The only unique thing about “Oceanhorn’s” take on exploring environments is the fact that it is built in layers. Every object in the game can be thought of as X Kid Heights, where X is a number. The kid can jump down from 1 Kid Height, but can’t jump up at all, which leads to a large number of environmental puzzles revolving around getting the kid above where he wants to be, but not so high above that he can’t jump down. While some of these environmental puzzles are well done, I never felt a sense of amazement or joy while solving them.

Finally, we come to combat. Much like ‘Zelda’ games, “Oceanhorn” provides its player character with hearts to denote their life, a magic meter used to cast spells, and a stamina meter that’s really just an annoying bit of pandering to Souls Trolls. In addition to these pure Action/Adventure mechanics, “Oceanhorn” also shoehorns in some RPG elements, providing the kid with a character level that goes up by gaining experience and generally provides perks and bonuses that would be found in set locations in a typical Action/Adventure game, such as expanded bomb/arrow capacity, the ability to shoot sword beams at full health, etc. The kid gains experience from defeating foes, as well as by completing the game’s Achievements. Yes, for once, Cheevos are tied to an integral gameplay mechanic, providing the kid with huge amounts of experience relative to standing around grinding enemies for hours.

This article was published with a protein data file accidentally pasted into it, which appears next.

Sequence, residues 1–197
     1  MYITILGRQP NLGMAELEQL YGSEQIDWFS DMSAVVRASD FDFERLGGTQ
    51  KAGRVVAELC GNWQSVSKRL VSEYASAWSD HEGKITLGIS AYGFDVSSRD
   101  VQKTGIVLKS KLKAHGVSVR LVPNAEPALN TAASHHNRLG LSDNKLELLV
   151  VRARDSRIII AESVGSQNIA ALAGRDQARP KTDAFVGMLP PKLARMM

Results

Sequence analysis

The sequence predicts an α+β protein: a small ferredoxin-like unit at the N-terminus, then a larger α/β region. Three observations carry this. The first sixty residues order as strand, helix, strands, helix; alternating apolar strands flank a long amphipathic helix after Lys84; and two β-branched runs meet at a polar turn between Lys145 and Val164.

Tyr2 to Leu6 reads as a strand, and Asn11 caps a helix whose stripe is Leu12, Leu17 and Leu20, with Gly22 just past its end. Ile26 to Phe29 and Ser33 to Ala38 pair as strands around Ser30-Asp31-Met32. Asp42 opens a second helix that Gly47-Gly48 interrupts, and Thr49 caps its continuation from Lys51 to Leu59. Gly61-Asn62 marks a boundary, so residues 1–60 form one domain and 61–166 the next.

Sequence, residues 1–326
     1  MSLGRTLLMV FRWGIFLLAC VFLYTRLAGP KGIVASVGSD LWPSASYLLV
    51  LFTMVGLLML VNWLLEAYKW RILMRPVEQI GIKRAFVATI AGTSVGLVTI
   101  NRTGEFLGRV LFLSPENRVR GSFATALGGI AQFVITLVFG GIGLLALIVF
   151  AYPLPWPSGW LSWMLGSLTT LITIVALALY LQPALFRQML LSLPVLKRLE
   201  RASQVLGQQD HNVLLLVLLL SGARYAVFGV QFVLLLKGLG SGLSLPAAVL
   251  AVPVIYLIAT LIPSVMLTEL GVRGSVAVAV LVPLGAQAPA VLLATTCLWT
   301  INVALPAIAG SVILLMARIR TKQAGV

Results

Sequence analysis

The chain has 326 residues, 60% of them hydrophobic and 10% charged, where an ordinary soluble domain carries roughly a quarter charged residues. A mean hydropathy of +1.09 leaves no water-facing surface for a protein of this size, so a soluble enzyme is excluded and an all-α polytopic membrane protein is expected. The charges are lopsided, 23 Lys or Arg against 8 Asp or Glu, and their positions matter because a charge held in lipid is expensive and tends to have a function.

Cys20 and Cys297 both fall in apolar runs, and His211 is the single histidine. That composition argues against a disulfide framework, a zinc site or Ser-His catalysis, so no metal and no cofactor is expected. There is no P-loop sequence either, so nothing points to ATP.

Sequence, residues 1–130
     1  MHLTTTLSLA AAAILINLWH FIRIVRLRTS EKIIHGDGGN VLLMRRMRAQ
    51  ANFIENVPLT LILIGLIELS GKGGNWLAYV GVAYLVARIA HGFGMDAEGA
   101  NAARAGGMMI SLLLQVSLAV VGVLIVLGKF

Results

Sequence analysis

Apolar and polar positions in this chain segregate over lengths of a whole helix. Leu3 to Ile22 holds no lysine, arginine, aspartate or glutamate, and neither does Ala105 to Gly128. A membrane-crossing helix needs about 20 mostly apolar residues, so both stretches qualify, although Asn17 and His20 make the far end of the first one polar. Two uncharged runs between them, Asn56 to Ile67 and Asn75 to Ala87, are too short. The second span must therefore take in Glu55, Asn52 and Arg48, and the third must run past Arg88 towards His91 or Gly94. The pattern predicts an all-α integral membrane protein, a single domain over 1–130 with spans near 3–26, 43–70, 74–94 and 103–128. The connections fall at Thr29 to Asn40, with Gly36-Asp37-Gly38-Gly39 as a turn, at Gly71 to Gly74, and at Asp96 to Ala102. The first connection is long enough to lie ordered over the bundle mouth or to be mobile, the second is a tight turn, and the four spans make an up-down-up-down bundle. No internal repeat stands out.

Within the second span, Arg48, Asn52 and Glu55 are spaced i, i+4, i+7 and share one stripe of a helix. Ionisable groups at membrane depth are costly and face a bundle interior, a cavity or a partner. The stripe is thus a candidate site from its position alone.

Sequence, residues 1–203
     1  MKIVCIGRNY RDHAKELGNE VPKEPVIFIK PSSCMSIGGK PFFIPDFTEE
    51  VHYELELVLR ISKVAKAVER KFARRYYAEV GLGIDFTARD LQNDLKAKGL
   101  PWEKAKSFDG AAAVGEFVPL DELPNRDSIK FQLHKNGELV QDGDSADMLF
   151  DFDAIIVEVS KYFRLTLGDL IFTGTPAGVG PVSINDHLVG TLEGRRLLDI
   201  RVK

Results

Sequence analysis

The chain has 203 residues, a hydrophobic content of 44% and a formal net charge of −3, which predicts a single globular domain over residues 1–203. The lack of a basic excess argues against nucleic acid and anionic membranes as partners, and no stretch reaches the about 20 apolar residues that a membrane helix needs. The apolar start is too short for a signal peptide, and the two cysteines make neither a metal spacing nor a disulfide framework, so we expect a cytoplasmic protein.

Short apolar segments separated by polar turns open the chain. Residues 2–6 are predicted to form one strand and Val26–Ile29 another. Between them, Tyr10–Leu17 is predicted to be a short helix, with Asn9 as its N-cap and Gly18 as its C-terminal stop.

Unfortunately, even backed-up by tried-and-true Action/Adventure and RPG design paradigms, “Oceanhorn’s” combat just isn’t very fun. There’s no knock-back or hitstun for enemies, so they’ll just keep coming and sneak in some lucky shots. The whirlwind attack (charged by holding the attack button) feels really slow and useless, even moreso than the general sluggish pace of combat and the fact that even trash enemies require far too many blows to kill. Plus the kid’s annoying ‘Souls’-inspired stamina meter gets in the way when trying to dash/dodge out of the way or block enemy attacks with the shield. None of these plodding gameplay mechanics make “Oceanhorn” challenging in any way (I didn’t die until the final boss because I forgot about the gimmick), they just make it tiresome and not particularly enjoyable.

“Oceanhorn: Monster of Uncharted Seas” tries to invoke everything great about the pinnacles of 2D ‘Zelda’ and 3D ‘Zelda,’ yet only manages to come off as a bland, wholly mediocre knock-off. Slow, boring combat; lacking dungeons and tools; and an English as a Second Language script were all overlooked when this game was exclusively on smartphones. For Core Gamers with higher standards, though, the flaws are too overwhelming to ignore. There are plenty of better ‘Zelda’ clones available to PC gamers.

Presentation: 3.5/5
Story: 2.5/5
Gameplay: 2.5/5
Overall (not an average): 2.5/5